John joined the CTC West Surrey DA where he became a regular rider. He also enjoyed riding in Audax events in Boulogne, where he made many friends.
We will all have been saddened to hear of the recent death of Phil Hampton, one of cycling’s traditional eccentrics. His devotion to the pastime of cycling was unequalled, for he truly lived his hobby. Always easily distinguished by the dubious quality of his bikes, he refused to spend any money on them, or indeed on anything else, including himself. He lived on very little, mainly the interest on a modest capital sum, and while he worked hardly at all, at the same time he never claimed state benefits. In a real sense he did try to opt out of conventional society, and often appeared a rather monkish figure.
A cheerful individual, he never seemed depressed by his circumstances, and was lively, spirited company. I had numerous long chats with him on such interesting topics as cone diameters and spoke lengths. He was also a rare devotee of fixed wheel, and could pedal surprisingly low ratios, relying on twiddling smoothly rather than strength.
It is typical that Phil should have died on his bike, though the circumstances were clearly tragic. A keen Audax rider, he was well known for riding both to and from events, even very long ones. This attitude to mileage was typical of his commitment to the pastime, and this eccentric character will certainly be missed.
HAVE YOU ever wondered why, having stopped for a brief moment (e.g. to remove a jacket or fix a rattle), it is so difficult to rejoin the group you were quite happily riding with? It could be a lack of fitness, but it’s more likely to be down to the mathematics of the situation!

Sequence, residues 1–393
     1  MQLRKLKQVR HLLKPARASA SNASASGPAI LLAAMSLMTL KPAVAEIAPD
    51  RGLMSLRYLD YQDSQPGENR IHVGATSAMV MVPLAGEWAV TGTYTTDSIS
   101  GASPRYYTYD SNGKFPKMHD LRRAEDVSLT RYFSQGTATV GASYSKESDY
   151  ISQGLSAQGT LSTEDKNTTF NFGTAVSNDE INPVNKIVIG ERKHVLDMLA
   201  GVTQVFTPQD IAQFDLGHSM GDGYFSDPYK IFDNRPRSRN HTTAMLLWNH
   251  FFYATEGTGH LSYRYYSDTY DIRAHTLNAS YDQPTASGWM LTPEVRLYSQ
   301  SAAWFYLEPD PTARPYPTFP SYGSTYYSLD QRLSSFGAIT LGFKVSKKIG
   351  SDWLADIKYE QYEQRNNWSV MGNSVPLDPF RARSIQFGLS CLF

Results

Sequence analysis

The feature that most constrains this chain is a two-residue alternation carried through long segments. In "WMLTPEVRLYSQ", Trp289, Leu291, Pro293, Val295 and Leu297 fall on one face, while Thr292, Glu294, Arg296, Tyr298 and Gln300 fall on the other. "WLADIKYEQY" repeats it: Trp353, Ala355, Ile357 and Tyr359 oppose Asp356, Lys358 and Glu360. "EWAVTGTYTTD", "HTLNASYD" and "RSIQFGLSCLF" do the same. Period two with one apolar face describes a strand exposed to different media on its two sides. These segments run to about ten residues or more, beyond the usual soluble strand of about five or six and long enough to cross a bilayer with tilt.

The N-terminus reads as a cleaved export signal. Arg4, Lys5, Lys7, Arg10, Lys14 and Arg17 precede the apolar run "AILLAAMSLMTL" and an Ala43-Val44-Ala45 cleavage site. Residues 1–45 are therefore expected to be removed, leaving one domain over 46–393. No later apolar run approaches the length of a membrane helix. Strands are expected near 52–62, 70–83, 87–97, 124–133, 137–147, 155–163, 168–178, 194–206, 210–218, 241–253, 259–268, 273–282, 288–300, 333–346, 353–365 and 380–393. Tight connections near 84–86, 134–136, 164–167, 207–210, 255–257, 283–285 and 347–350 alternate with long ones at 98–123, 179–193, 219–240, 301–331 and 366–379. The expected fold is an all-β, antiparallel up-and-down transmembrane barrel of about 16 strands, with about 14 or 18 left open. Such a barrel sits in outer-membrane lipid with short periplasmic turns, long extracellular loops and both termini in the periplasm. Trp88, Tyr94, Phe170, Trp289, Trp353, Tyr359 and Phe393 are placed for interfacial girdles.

Imagine you are with a group riding at a steady 14 mph, when you need to stop. Having signalled your intent, let us presume that the group slows, to 12 mph, so as not to leave you too far behind.
In only 2½ minutes you will be half a mile behind the pack. No great distance, but remember the group is still moving whilst you are trying to catch up, and at 14 mph your speed differential of only 2 mph will mean 15 minutes riding before you can shout “All up”.
During that time, in which you will travel 3½ miles, you will not have the benefit of being part of the bunch, sheltered from the wind and with conversation to take your mind off the riding. Instead, you will suffer all the vagaries of the elements and the physically debilitating, negative thoughts of how unfit you are and wondering if you’ve missed a turning.
So next time you stop and the group goes on, don’t forget that it could be a while before you rejoin them - no matter how fit you are, and always let someone know you are stopping so they won’t lose you by turning without leaving a back marker.